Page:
These are the reasons behind the customs we carry out and the food we enjoy over the Easter weekend.

Other historians believe that the name Easter comes from the Latin phrase in albis, which means alba or dawn. That word became “eostarum” in old high German, which was a precursor to the English language we know today.

Why do we have different Easter traditions?

Easter is associated with many traditions, including Easter eggs, the Easter bunny, hot cross buns, and Easter bonnets - but where do these traditions come from?

The Easter bunny and Easter eggs

There are multiple theories about where the Easter bunny came from too, but it is thought that the tradition of the rabbit links to other customs we love now including Easter eggs. Some believe the rabbit is also linked to Eostre, the Germanic goddess of dawn. She is also the goddess of fertility and spring, and her animal symbol is believed to have been a rabbit which is the traditional symbol of fertility.

In America, some people believe the Easter bunny was first introduced in the 1700s by German immigrants in Pennsylvania.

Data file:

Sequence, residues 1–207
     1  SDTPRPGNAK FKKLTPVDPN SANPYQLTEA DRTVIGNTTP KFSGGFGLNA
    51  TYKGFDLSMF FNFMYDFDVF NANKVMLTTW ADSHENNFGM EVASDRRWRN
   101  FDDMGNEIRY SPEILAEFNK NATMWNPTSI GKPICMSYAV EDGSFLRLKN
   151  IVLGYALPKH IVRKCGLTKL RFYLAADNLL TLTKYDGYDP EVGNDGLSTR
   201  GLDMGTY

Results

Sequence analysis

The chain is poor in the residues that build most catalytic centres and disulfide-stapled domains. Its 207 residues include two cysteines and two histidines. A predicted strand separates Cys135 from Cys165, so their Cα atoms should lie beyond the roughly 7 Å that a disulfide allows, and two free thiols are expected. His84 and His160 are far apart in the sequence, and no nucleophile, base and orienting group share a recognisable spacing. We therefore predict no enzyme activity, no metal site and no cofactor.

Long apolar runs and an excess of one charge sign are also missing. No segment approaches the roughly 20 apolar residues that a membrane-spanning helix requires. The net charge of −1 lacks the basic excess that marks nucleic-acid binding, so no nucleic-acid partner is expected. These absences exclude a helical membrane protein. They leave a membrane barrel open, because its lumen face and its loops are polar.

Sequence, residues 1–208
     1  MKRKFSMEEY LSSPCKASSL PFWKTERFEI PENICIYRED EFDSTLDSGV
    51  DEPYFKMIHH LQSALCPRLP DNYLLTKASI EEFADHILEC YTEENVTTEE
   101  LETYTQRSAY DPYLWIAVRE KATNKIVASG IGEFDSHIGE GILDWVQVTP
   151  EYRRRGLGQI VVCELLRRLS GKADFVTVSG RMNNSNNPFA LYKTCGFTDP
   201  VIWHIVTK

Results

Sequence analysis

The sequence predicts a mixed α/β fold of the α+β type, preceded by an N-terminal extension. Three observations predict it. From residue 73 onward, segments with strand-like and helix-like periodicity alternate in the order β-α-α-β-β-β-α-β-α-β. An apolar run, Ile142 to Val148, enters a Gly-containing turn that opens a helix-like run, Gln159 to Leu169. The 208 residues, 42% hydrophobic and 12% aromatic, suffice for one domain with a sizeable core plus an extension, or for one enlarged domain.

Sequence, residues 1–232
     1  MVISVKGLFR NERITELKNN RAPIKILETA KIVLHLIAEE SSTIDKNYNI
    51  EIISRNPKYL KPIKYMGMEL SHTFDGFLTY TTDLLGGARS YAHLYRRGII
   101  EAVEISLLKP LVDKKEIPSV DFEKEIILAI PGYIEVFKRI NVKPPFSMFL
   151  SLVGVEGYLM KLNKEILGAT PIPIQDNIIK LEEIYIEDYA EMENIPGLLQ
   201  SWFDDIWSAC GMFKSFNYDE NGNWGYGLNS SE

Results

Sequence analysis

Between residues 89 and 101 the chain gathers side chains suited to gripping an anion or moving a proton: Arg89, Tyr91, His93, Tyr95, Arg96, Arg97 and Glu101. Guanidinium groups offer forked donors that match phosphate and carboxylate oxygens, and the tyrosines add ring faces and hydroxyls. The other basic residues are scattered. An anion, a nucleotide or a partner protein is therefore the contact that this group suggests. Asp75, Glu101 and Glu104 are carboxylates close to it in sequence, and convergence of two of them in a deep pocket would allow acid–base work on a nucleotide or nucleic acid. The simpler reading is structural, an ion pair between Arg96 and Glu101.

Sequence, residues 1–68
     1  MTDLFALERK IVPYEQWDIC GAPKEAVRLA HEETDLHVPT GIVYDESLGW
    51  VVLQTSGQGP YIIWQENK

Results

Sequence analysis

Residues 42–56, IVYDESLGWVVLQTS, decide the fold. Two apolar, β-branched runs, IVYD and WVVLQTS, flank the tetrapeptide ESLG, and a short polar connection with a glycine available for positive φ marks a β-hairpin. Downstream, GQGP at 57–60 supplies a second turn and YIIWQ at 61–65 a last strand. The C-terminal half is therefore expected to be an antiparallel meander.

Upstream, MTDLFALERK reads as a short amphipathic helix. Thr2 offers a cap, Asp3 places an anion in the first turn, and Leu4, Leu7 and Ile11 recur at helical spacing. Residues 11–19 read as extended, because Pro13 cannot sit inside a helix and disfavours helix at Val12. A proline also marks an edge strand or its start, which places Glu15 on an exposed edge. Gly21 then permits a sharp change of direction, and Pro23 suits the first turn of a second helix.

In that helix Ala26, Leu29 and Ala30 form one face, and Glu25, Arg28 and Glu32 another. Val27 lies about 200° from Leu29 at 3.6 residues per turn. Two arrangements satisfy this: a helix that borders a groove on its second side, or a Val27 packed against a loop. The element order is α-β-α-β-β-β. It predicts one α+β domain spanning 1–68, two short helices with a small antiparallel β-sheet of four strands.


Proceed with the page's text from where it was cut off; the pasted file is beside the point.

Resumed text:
It is said that they introduced their tradition of the egg-laying hare to the community.

The hare would lay colourful eggs as gifts to well-behaved children, and in time the gifts then came to include treats such as toys and chocolate.

In Germany, the tradition of the Easter bunny is believed to have originated among German Protestants around the 1600s.

Their rabbit would also reward well behaved children with an Easter egg hunt. For Christians, an egg is an important Easter symbol as it represents the moment that Jesus emerged from the tomb following his crucifixion and subsequent resurrection.

The first chocolate eggs are said to have been created in France and Germany in the 19th Century - but they were not like the sweet treats we know today, instead they were bitter and hard. Over time, chocolate-making techniques have improved, and so have the ingredients available, and so the hollow eggs we know and love were created.

Hot cross buns and fish